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Fernando Salas has lost his command

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The righty is one of several struggling relievers in the Mets’ pen.

MLB: New York Mets at Washington Nationals Tommy Gilligan-USA TODAY Sports

It’s no secret that the Mets’ bullpen has struggled this year. Between their 4.90 ERA and 4.48 FIP, Mets relievers have the third-worst adjusted ERA and the seventh-worst adjusted FIP in all of baseball. While no one expected the Mets’ relief corps to be as dominant as, say, the Yankees’ or the Indians’, most expected better results than this. Perhaps no one embodies this underperformance more than Fernando Salas.

Salas was excellent for the Mets last year. After being traded from the Angels late in the season, the righty had a 2.08 ERA (52 ERA-) and a 3.20 FIP (78 ERA-) in 17.1 innings of work. Most impressively, Salas struck out 19 batters while walking none.

Salas has been a completely different pitcher in 2017. In 22.2 innings, the right-hander has posted just 7.54 K/9, well below his career rate of 8.85. Of equal concern is Salas’s walk rate, which has spiked to 4.76 BB/9, by far the worst mark of his career. Salas’s poor peripherals have resulted in a bloated 5.56 ERA (136 ERA-) and 4.65 FIP (110 FIP-).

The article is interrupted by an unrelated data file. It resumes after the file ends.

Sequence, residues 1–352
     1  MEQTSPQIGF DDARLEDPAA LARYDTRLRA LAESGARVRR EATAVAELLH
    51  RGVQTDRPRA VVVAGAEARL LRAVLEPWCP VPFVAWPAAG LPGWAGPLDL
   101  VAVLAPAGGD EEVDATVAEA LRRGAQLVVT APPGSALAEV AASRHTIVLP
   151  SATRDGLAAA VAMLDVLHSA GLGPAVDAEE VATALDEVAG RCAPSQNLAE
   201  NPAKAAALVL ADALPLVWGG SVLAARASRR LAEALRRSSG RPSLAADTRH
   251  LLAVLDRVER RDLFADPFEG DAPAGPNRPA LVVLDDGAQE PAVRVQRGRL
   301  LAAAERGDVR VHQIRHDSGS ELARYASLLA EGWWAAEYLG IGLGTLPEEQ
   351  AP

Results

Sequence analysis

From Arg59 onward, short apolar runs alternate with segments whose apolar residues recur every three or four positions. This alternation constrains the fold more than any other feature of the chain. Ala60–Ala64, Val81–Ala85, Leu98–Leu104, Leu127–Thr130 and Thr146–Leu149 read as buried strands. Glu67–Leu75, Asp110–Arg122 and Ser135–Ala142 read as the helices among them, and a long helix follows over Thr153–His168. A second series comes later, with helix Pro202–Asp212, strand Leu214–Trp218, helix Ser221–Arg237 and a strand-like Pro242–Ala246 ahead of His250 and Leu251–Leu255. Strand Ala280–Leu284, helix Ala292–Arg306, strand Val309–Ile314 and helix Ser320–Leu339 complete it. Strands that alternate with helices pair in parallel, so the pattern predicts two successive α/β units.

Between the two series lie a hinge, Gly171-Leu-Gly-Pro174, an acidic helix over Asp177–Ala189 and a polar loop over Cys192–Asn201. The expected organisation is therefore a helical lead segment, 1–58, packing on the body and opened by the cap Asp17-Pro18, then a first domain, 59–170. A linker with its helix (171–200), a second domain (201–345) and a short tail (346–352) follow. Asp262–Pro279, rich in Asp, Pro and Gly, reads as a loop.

Salas appears to be the victim of poor command, rather than reduced stuff. As you can see, the velocity and movement on his pitches are similar to what they were last year.

The location of his pitches, on the other hand, has become far more erratic.

Salas isn’t the only underperforming Mets reliever. Hansel Robles, Josh Smoker, and Rafael Montero have been completely ineffective, and all three have seen time in Triple-A this year. Addison Reed has been solid—although not as dominant as he’s been for the Mets over the last two years—filling in for closer Jeurys Familia, who will miss most of the season to injury. That leaves Jerry Blevins, Josh Edgin, and rookie Paul Sewald as the only Mets relievers to meet or beat expectations so far in 2017.

Of course, it’s hard to read too much into 20 or so innings of work. That said, Mets relievers have struggled badly enough to make the bullpen a legitimate cause for concern. Their struggles also raise an important question: Is this just a bump in the road, or a sign that the bullpen needs to be completely revamped?

For the Mets’ pen to survive in its current form, they’ll need better performances from a number of pitchers. First among them is Fernando Salas. When Familia went down, the Mets expected Salas to slide into the eighth inning and inherit Reed’s setup duties. Unfortunately, Salas’s performance hasn’t yet justified this higher-leverage role. If the Mets’ pen doesn’t improve quickly—and substantially—the team may need to look outside the organization to help turn its season around.